June 2017
Volume 58, Issue 8
Open Access
ARVO Annual Meeting Abstract  |   June 2017
Histologic Study of Fibrovascular Membrane Regression by Pan-Retinal Photocoagulation and Intravitreal Bevacizumab in Proliferative Diabetic Retinopathy
Author Affiliations & Notes
  • Therese Sassalos
    Department of Ophthalmology, Henry Ford Hospital, Detroit, Michigan, United States
  • Yue Li
    Department of Ophthalmology, Henry Ford Hospital, Detroit, Michigan, United States
  • Tongrong Zhou
    Department of Ophthalmology, Henry Ford Hospital, Detroit, Michigan, United States
  • Paul A Edwards
    Department of Ophthalmology, Henry Ford Hospital, Detroit, Michigan, United States
  • Xiaoxi Qiao
    Department of Ophthalmology, Henry Ford Hospital, Detroit, Michigan, United States
  • Hua Gao
    Department of Ophthalmology, Henry Ford Hospital, Detroit, Michigan, United States
  • Footnotes
    Commercial Relationships   Therese Sassalos, None; Yue Li, None; Tongrong Zhou, None; Paul Edwards, None; Xiaoxi Qiao, None; Hua Gao, None
  • Footnotes
    Support  None
Investigative Ophthalmology & Visual Science June 2017, Vol.58, 5041. doi:
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      Therese Sassalos, Yue Li, Tongrong Zhou, Paul A Edwards, Xiaoxi Qiao, Hua Gao; Histologic Study of Fibrovascular Membrane Regression by Pan-Retinal Photocoagulation and Intravitreal Bevacizumab in Proliferative Diabetic Retinopathy. Invest. Ophthalmol. Vis. Sci. 2017;58(8):5041.

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      © ARVO (1962-2015); The Authors (2016-present)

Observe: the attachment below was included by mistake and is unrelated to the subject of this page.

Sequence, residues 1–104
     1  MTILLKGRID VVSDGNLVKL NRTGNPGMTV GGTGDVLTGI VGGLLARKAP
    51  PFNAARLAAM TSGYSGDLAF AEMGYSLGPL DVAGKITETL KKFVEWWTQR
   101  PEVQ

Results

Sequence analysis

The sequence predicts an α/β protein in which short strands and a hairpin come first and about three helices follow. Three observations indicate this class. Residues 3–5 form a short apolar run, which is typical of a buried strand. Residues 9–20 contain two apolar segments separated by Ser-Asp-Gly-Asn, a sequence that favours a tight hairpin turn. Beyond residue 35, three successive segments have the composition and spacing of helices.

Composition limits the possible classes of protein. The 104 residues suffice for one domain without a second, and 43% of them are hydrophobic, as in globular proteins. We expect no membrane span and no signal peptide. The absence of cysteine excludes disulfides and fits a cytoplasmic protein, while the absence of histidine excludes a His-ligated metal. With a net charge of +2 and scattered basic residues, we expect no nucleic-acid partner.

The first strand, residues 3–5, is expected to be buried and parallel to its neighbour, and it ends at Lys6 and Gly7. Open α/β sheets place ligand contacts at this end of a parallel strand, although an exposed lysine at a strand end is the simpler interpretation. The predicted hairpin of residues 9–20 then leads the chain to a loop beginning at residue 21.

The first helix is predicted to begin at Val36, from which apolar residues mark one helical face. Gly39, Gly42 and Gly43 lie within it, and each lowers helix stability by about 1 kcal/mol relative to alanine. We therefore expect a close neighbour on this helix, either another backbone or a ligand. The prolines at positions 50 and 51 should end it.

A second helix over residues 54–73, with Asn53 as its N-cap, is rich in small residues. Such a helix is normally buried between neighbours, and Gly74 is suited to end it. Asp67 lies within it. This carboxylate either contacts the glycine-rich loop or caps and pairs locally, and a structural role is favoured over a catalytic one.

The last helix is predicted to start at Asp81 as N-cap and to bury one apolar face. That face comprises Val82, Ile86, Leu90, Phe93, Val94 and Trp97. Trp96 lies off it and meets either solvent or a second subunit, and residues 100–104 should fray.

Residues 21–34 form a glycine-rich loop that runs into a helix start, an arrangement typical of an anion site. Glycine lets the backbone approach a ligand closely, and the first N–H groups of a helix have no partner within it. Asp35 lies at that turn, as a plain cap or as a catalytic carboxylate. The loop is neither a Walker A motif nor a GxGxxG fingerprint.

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Abstract

Purpose : Active retinal neovascularization in proliferative diabetic retinopathy (PDR) often leads to vitreous hemorrhage, and increases the difficulty of vitrectomy. It is well known clinically that pan-retinal photocoagulation (PRP) and intravitreal bevacizumab can cause regression of retinal neovascularization to fibro-vascular membrane (FVM). This study seeks to examine and compare the effects of PRP and intravitreal bevacizumab on FVM regression.

Methods : Patients requiring vitrectomy for PDR with FVM were recruited. Patients were stratified with preoperative intravitreal bevacizumab, PRP, or both bevacizumab and PRP treatments. FVM tissues were obtained during vitrectomy and processed for immune-histochemical staining with Collagen IV and Vimentin to label vessels and fibrosis, respectively. Vascular and fibrosis areas were then quantified and compared over the total area of the tissue. A FVM maturity score was determined by the ratio of fibrotic area over the vascular area. Scores of more than 1 suggest more fibrosis than vessels, whereas scores less than 1 correlate with more vessels than fibrosis.

Results : In 6 FVM specimens from 6 eyes, all had preoperative PRP 5 to 7 weeks before vitrectomy. Three patients who also received 1 week to 9 months preoperative intravitreal bevacizumab had larger vascular (6.77%) and less fibrotic (4.08%) areas with a mean FVM maturity score of 0.60. The other 3 cases with no preoperative intravitreal bevacizumab had fewer vascular (6.51%) and more fibrotic areas (15.11%) with a much greater mean FVM maturity score of 2.32. The numbers of preoperative PRP were 2.3 times in PRP alone group, and 3 times in PRP plus bevacizumab group. Two specimens were obtained from 2 eyes of the same patient. The FVM from the eye with intravitreal bevacizumab was less mature (maturity score of 0.62), compared with the fellow eye without bevacizumab (maturity score of 1.12).

Conclusions : Our studies show that the FVM specimens from PDR patients with both preoperative PRP and bevacizumab have less FVM regression than those treated with preoperative PRP alone. This suggests that intravitreal bevacizumab does not have lasting effect, if any, on FVM regression, and thorough PRP treatment alone can result in good FVM regression in PDR.

This is an abstract that was submitted for the 2017 ARVO Annual Meeting, held in Baltimore, MD, May 7-11, 2017.

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